Resistance of Mice to Secondary Infection with Schistosoma Mansoni

II. Evidence for a Correlation Between Egg Deposition and Worm Elimination

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  • Immunoparasitology Department, Naval Medical Research Institute, Bethesda, Maryland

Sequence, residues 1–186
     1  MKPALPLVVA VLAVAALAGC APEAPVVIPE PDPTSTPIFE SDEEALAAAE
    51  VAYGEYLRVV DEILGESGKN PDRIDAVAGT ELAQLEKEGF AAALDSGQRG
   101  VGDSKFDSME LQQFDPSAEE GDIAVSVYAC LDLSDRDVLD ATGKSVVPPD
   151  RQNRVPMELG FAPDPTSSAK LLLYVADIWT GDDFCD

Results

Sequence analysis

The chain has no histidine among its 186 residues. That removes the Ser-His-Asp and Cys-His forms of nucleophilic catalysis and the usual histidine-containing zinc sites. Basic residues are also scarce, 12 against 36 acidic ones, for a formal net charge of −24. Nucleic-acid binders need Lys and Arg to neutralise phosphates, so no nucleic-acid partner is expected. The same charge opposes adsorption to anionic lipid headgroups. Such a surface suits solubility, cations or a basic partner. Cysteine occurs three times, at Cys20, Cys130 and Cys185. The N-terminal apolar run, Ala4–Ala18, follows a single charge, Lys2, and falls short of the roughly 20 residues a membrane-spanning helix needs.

Mice reinfected with Schistosoma mansoni 6–8 weeks after a primary infection largely or completely eliminated the second infection prior to the 7-week adult worm stage. In contrast, challenge worm counts were not lower than controls at the 6-day lung schistosomulum stage. At reinfection intervals of 12 or more weeks, worm counts were reduced at both stages. The reduction in lung schistosomulum count was proportional to the number of schistosome eggs present in the lungs, with no significant reduction being detected at any challenge time in mice free of lung eggs. Isolated schistosome eggs injected intravenously into the lungs of normal mice induced moderate to high levels of resistance to infection, while eggs injected subcutaneously or intraperitoneally did not. It is concluded that the deposition of schistosome eggs in sites encountered by migrating schistosomula may be essential for mice to become resistant to reinfection with S. mansoni.